Monday, July 31, 2017

Tips to keep you out of trouble

These days I am working with very old stone construction where I live...chestnut beams and tiles everywhere, But I have still to upload pictures of construction projects from the past.  Here is a bit of general advice when doing wood construction, till I can figure out a way to upload photos of other construction.

Use a framing square.  There are many times when you use a square, to make straight cuts on your 2x4s or on your plywood.  I am pretty sure that most people know those.  However, it is imperative to use it other times as well. When you gang several framing members together, such as when you add cripples to a framing member to support as window lintel or the bottom of a window.  You might think it is Ok to eyeball or use your fingers to determine if the bottom is level.  But it is so easy to run the ganged members uphill by just feeling that they are flush with your hands, and if you do it with one, several ganged together will really go uphill.  Use the square to make sure the bottom of the column is level.  This is true of corner posts as well.

When you put blocking between floor joists to make nailing surfaces on sheet good or board seams, or if you put in blocks to keep joists from twisting, make sure that they are not too tight.  you can easily bow the entire joist out of straight by just forcing one block in that you have cut a 16th too long.  If you continue to do this, you can multiply the problem each time till you are way out of straight and no longer can match up seams going the other way.  The only remedy is to take the blocking out and start over, or sister new beams onto the joists so that the edge of the sheet goods land on a joist.

Don't allow a mistake to go unrepaired as you are doing the lower parts of a building.  as you work on the building, the mistakes show up as you try to fit the walls, and roofing together and they can get to be bigger and bigger headaches as you continue to work.  Take it apart when it happens even if it is difficult...correct it and start fresh.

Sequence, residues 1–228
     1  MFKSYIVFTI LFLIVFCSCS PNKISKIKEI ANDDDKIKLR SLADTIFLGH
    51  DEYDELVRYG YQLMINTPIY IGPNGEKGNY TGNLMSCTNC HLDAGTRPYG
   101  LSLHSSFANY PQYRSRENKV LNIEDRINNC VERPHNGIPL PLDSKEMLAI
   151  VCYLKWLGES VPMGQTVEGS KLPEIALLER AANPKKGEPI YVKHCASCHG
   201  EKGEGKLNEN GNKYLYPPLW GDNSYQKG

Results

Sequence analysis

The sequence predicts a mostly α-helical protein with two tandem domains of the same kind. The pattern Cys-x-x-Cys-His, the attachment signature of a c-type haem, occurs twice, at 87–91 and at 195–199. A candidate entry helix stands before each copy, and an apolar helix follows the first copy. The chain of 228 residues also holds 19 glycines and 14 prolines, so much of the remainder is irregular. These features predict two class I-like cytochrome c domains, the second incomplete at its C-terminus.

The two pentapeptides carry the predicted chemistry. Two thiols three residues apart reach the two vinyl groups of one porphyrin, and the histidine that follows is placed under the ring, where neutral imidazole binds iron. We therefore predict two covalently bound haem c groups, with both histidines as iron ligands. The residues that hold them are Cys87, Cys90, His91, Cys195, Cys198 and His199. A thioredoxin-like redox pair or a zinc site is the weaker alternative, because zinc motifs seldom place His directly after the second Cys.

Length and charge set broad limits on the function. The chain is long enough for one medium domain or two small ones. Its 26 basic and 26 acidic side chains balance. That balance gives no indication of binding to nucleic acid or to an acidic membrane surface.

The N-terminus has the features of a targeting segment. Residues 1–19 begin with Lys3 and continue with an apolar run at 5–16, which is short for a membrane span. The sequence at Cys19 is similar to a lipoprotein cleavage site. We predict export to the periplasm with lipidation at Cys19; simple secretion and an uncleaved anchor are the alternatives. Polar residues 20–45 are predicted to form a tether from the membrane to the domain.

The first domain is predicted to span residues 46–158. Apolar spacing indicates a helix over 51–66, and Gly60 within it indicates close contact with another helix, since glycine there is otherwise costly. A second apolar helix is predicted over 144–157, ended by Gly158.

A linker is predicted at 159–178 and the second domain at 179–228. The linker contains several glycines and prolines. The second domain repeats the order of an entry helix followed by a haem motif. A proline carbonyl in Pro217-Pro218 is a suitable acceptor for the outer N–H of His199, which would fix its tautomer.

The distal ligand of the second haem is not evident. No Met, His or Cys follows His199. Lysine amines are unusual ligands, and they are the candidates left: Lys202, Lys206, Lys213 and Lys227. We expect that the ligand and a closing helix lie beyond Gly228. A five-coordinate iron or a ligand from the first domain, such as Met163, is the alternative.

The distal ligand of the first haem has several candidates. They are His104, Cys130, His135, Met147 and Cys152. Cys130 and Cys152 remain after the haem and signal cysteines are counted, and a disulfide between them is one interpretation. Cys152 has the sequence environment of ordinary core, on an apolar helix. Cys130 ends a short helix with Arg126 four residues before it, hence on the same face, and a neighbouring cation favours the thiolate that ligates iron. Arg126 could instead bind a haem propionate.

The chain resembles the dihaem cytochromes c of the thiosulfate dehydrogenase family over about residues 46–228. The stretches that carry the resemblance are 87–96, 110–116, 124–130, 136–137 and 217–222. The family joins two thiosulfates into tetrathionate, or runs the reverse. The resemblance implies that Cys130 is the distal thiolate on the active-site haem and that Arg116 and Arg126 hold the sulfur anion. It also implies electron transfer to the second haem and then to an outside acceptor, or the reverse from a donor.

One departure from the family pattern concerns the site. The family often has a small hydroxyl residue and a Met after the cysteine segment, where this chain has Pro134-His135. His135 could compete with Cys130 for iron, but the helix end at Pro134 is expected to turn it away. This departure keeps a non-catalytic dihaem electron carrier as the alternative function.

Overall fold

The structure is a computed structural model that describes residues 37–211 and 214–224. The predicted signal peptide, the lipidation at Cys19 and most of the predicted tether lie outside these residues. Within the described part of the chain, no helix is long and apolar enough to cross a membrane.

Use the proper nails.  Get advice from the lumber yard.  Tell them what you are doing and have them advise you as to guage, length material and special texture of the shank or head.  There are nails for decking, roofing, laying floors, shingles and clapboards.  Choose the right one.

Choosing between nails and screws is another personal issue for me.  When I am working where there is no electricity, it is hard to use screws, and I hate battery operated tools!
One thing I have to say in this age of sheet rock and similar screws, is that nails have great tensile strength.  They will take a lot of twisting, wind movement and walking over, before they will break.  Screws tend to be a bit more brittle when they are bent a couple of times.  When the wind buffets your hose a lot, it is not good to have metal fasteners fail from metal fatigue.  Nails do have a weaker hold when you try to pry members apart, but if you choose the right nail that is large enough to do the job, I find them better in many ways.

Use diagonal metal straps to help reduce sway and racking in your building.  This is essential....DO NOT OVERLOOK THIS... when you build with boards, even tongue and groove or ship lap boards.  Sheet goods such as plywood, Oriented Strand Board etc., will do much of this job for you, but it might be wise to do diagonal bracing anyway, in case metal fasteners or even the wood itself around the fasteners and on seams fail in time from repeated movement. Use the braces horizontally in ceilings, rafters, on roofs, floors, and vertical places like in all walls.  This is very true if you are using a purlin system for your roof
, like in metal roofing.  They are very cheap, and though they may prove to be redundant, it will not bankrupt you to be sure.  This is extremely important in buildings with very large openings in the walls, like screen houses, open pavilions and buildings with large windows and doors.

One thing you might not realize when working in these days of standardization.  You need to check your lumber before using it.
It is not unusual to find that your 8 foot long 2x4 is 8 feet 1/2 inch long, or 7 feet 11 1/2 inches short...so to speak.
Measure every piece of wood that you use.  Lumber is often a little long or short, and this can be a nightmare if you have constructed something complicated and find that that last piece of wood just does not fit, because three other pieces that you assumed were a standard length....WEREN'T.
This also goes for the dimensions of the lumber...your 2x4 is supposed to be 1 1/2 by 3 1/2 inches.  But sometimes this is not the case...again...to late to fix it after the construction is almost done.

Also, check your sheet goods....you may be planning on using a sheet of plywood only to find that it does not fit because it has tongue and groove or lap cuts.  Your piece may be 4 feet wide, but do you have to overlap or fit the tongue into a groove to make a slight difference, or it might be a bit wider that you expect.